A few years ago I saw this funny skit on Portlandia about how excited the patrons of the city got when the sun finally made itself known after months of gray skies.
I thought it was an exaggeration.
What I’ve learned after one year in the PNW – it was not.
This is now my life.
I went from living in cities with incessant sun to one where it is non-existent for nearly half the year, so I have become that giddy person when I see golden light instead of shades of gray.
When people ask if I like it here, I say not really, but that’s not exactly being fair. When we arrived from our out-of-state move, it was pouring rain. Not the best welcome. But the summer was lovely, until the heat wave with no a/c. Having grown up in Las Vegas, I can do 120+ degrees, but air conditioning is everywhere so it’s oddly bearable. *LV native tip: No leather car seats.
I have been almost perpetually cold since we arrived here.
I know it’s something I have to adjust to…because I just wasn’t prepared. I do not have a rain coat or boots, but I do have an umbrella, that has never been opened, because apparently that’s a huge faux pas here.
The lack of outdoor accessibility has led to overweight dogs, and seasonal depression. Another thing I’ve learned is an actual thing.
To counter act these negatives, the people are truly nice here. The air smells clean. Nature will practically walk right up to you. For a little while in the summer, because of the northern placement, the sun stays up until 10pm which is awesome, but as you’ll recall from my note above, it disappears almost entirely during the winter as if to taunt, “I hope you enjoyed that…you’ll see it again next year!”
Washington’s nickname is the Evergreen State. This is accurate. There is an ever present layer of green on everything, and there are so. many. trees.
There is so much to do and see. There’s Mount Rainier (which you can see from all over the state), lavender fields, whale watching, vineyards, TV and movie locations, a cute Bavarian inspired town, tons of hikes and day trips, and water at every turn. There are chocolatiers and breweries, and cool eateries to try.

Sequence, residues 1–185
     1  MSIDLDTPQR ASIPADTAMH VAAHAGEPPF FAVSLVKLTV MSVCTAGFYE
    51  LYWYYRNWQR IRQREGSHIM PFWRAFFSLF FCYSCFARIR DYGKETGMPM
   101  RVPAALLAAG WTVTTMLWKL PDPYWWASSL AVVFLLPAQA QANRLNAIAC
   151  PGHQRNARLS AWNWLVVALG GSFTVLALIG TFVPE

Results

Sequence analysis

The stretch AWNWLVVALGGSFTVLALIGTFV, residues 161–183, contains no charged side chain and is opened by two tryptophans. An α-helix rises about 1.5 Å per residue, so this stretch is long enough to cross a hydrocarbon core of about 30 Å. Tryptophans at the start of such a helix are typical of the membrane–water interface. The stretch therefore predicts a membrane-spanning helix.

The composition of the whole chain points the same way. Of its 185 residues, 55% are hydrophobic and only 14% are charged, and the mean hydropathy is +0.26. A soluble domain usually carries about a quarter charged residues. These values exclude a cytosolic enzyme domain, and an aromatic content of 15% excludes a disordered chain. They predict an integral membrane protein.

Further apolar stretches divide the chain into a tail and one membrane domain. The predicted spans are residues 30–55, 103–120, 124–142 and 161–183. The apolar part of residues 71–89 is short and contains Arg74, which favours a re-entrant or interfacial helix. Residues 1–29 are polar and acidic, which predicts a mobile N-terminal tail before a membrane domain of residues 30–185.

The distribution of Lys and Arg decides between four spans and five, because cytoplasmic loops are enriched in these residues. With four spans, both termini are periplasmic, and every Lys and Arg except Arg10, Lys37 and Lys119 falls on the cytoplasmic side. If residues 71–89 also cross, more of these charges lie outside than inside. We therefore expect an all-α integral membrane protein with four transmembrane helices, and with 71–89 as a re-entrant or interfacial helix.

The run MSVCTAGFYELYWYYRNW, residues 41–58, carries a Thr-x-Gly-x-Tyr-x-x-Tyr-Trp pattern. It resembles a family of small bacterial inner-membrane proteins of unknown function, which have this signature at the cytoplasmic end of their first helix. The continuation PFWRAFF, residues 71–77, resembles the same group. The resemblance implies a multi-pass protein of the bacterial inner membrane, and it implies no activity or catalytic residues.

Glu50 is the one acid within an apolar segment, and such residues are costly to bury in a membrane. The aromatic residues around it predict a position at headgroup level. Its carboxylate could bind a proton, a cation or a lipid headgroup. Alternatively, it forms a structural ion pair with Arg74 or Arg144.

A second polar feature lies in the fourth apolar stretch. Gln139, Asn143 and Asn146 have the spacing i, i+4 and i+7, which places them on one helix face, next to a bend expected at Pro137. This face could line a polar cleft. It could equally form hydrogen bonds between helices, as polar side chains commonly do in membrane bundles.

There’s also history here. Something I appreciate.
Some quirks: Everyone parks in backwards here. I’ve never seen so many “Student Driver” bumper stickers. It is surprisingly expensive to live here. For the entire month of May it appears as if it’s snowing from all the tree fluff in the air. The fog is like scary movie-cut it with a knife-fog. 50 degrees feels warm. For a girl from the desert, huh?! They love their Seahawks. So much so, the fans have their own designated player number, 12. There are always tree clearing crews cutting back foliage to circumvent power outages. I passed three the other day within a mile. And we appreciate it. We once went without power for nearly 15 hours. Not fun. You hear it rains a lot here. You have this unconscious awareness that it rains a lot here. It’s more than you can imagine.
Now we know we need sort of emergency situation essentials, for any season, and for both the car and home. It’s during these unexpected times that you evaluate the necessity of certain items, or even their relevancy, like I didn’t know I’d ever need a battery operated lamp that can also charge my phone. Hm.
We resigned our lease for another year, and plan on making the most of the sights to discover what makes this place so endearing. We’ve made it though the first year, and have a better understanding of what to expect, so crossing our fingers that year two will be a more enjoyable journey.
Have you ever moved where you thought you knew what to expect, but also discovered it was not what you were prepared for? I’d love to know I’m not alone in this surprising discovery.